🌻Supercharge Your Productivity With These 3 Minimalist Habits(HIGHLY RECOMMENDED)


Small, non-daily practices that will help you smash your big productivity goals this year

Now is around that time of year when your resolutions begin to fall flat. Maybe yours already has. And this is OK.


It takes more than patience, willpower, and raw energy to achieve your wildest dreams without burning out. And productivity is one hell of a drug!

Read also: 4 habits of emotionally intelligent people (must read)

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Here’s how to supercharge your productivity with these 3 minimalist habits that’ll help guarantee more balance and flow in your work:

1 — Only upgrade your gear once you’ve completely exhausted it

Marie Kondo explores the concept of “noise” in her book The Life-Changing Magic of Tidying Up as the amount of information that space can hold.

She details this through the practice of removing unnecessary labels and pieces of readable information that lounge about our spaces.

These labels feed our brains with useless information. Noise that clutters the mind.

My theory takes this concept a step further.

There is no need to buy replacement things unless your old things have been completely exhausted. Of no further use.
The only time I invest in new things is when purchasing a piece of equipment I don’t have any equivalent to. This way, I only ever buy one of something, like an electric guitar or a suitcase. When a new need arises, I’ll buy something to fit that need.
With these two tenets in mind, you can save space in your home. Decreasing the physical clutter helps lower your stress about any associations you have with that item.

If you bought too many clocks, you’d be more worried about how you spend your time.

If you bought too many books, you’d eventually have bookshelves full of stories you already know. Or full of a daunting amount of unread stories.

Minimalism is about being mindful of the items you choose to surround yourself with.

Make sure you surround yourself with purely useful items that will help you focus on the things you enjoy, while not distracting you from other priorities.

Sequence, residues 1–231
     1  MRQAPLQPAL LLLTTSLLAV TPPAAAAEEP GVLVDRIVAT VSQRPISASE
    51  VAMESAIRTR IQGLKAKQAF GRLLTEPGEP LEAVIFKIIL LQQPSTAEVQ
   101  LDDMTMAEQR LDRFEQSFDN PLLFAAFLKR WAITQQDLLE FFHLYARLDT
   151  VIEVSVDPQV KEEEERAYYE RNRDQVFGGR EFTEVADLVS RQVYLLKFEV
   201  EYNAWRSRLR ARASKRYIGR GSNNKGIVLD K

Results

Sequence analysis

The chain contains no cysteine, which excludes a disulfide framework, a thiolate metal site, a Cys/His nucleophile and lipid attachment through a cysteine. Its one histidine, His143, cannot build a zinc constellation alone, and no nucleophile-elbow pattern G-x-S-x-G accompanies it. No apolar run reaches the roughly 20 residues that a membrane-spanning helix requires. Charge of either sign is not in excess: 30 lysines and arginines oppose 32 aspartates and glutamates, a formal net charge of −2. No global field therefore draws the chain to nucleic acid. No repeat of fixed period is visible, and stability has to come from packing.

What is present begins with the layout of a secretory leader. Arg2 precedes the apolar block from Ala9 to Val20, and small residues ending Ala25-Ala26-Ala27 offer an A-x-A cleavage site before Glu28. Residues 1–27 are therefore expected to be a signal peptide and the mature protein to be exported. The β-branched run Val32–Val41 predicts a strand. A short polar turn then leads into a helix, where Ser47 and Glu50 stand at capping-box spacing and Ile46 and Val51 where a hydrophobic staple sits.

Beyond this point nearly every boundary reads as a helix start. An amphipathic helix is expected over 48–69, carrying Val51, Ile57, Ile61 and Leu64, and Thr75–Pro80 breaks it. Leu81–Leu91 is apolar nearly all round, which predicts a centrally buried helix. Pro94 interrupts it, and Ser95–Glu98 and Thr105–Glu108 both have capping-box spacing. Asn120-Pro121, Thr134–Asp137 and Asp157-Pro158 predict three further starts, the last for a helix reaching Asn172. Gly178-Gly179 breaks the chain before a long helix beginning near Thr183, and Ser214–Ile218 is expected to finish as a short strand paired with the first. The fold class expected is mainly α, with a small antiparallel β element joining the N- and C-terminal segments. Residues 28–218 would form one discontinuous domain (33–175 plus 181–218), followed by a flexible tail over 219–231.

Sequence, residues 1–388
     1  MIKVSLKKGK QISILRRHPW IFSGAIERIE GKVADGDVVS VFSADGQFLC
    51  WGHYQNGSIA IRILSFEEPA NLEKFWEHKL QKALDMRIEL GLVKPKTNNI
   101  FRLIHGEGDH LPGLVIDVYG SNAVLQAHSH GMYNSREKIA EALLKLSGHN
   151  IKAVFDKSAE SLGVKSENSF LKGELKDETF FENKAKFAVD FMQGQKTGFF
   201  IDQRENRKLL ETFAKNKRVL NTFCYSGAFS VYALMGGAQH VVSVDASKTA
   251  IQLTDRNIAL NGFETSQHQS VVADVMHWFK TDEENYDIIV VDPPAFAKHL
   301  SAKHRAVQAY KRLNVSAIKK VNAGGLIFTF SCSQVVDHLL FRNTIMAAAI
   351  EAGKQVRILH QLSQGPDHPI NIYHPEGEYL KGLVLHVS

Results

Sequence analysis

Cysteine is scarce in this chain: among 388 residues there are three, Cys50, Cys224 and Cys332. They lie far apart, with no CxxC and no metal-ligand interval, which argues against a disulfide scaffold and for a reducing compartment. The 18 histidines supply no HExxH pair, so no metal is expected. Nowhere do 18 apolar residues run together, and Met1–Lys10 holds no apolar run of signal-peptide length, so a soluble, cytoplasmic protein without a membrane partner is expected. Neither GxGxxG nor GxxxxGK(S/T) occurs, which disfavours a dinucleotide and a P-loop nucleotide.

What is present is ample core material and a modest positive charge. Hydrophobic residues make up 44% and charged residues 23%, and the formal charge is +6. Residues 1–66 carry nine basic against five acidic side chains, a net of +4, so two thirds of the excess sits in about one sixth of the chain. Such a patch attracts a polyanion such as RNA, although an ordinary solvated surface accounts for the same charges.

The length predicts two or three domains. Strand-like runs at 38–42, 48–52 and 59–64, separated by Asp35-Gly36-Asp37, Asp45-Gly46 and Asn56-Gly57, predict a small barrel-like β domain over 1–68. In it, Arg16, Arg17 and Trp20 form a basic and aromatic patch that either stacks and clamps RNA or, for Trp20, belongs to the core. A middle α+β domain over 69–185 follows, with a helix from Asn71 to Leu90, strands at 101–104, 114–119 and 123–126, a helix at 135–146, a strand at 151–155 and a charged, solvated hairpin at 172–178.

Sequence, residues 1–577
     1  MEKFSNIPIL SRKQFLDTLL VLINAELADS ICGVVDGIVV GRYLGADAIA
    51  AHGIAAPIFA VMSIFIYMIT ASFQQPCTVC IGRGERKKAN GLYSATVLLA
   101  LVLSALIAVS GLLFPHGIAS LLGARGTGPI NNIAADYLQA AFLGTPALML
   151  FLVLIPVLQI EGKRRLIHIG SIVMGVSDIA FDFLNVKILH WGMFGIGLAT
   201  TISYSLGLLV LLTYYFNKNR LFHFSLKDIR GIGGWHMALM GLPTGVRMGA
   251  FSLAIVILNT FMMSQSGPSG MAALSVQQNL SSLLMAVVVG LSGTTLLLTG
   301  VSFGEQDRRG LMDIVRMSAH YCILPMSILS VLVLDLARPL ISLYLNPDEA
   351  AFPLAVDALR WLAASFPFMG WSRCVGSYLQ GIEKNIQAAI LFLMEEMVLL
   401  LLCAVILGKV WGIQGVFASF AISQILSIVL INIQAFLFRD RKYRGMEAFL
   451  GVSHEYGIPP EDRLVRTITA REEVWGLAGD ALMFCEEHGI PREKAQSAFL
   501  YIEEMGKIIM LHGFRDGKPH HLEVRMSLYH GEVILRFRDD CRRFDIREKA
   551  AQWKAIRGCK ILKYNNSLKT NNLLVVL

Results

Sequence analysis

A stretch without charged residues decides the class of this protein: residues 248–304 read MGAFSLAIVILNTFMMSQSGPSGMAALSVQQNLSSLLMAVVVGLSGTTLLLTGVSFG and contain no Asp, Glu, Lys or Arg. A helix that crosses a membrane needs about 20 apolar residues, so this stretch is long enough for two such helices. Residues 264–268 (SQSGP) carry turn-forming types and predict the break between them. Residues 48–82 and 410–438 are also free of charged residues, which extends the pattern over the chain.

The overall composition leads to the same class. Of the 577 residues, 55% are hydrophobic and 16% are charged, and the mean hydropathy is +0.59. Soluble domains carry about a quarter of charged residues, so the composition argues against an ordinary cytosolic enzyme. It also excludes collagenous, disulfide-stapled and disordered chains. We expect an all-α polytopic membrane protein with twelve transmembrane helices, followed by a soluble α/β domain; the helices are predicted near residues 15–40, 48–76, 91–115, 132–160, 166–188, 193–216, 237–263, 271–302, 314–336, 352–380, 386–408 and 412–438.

2 — Perform regular digital decluttering and organization sessions

My phone’s storage has been full for a while. It’s old, chipped, and very quickly losing its functionality. I barely use it.

My PC, however, has a few terabytes of storage left. Plenty of room. It’s relatively shiny, relatively new, and is maintained through a series of low-effort habits I’ve built. I use it for most hours on most days.

It’s vitally important that we clean our physical and digital spaces.

I used to believe that cleaning should only be done after a space has reached a critical mass.

Full storage. Dishes to be washed. Eek!

A terrible threshold that causes more stress than necessary.

A simple practice of digital decluttering fixes everything.

Every few weeks, you should delete unnecessary files from your download folder.
Then do the same on Google Drive, focusing on higher ticket (denser files) files first.
At the end of each day, close all your tabs. So satisfying. I’ve found it makes for a refreshing experience the following morning when I return to my PC.
Building a habit of deleting unnecessary files preserves the longevity of your machines, while also giving you the peace of mind that they’ll continue to perform for you the following day.

Bonus tip: toward the end of the day, I turn off my second monitor. This not only signals to my brain that it’s time to wind down, but it also appeals to Kondo’s sense of letting used items rest after they’ve done their job for the day.

Read also: 5 simple ways to improve your morning routine (highly recommended)

3 — Prioritize time, not tasks

In the world of artistic creation, it’s best practice to allow yourself double the time you’d think it would take to finish something.

I’ve found this to be true in every project I’ve ever worked on.

When you schedule things for your day, you most likely do it by task.

Meetings, personal work, a weekend dinner with old friends. The whole nine.

The problem with this approach is that it doesn’t account for the life factor.

What can normally be an hour-long meeting might take two after working out connectivity issues with your co-workers.

A flow state might pull you into your work from day to night, regardless of your intention to do so.

By instead chunking time to perform a variety of tasks, you allow room for every one of life’s inevitable hitches, snags, and snafus it can throw at you.

Realistically, you might set aside an afternoon to catch up with an old friend and find time to work on the video game you’re developing.

Having a chunk of time helps take the pressure off needing to perform a task by a specific time.

And I realize that this chunking is not an option in every working condition. Bosses and deadlines.

But in the aspects of our lives that we have more control over, like our relationships and our hobbies, chunking time provides us with the leeway to play within that space. And freely wander between our tasks.

Keeping our own pace gives us room to practice, make errors, and learn from them while decreasing the stress that even self-prescribed deadlines can create.

And when productivity becomes a playground, we become truly limitless.

Contributed by Justin Boyette

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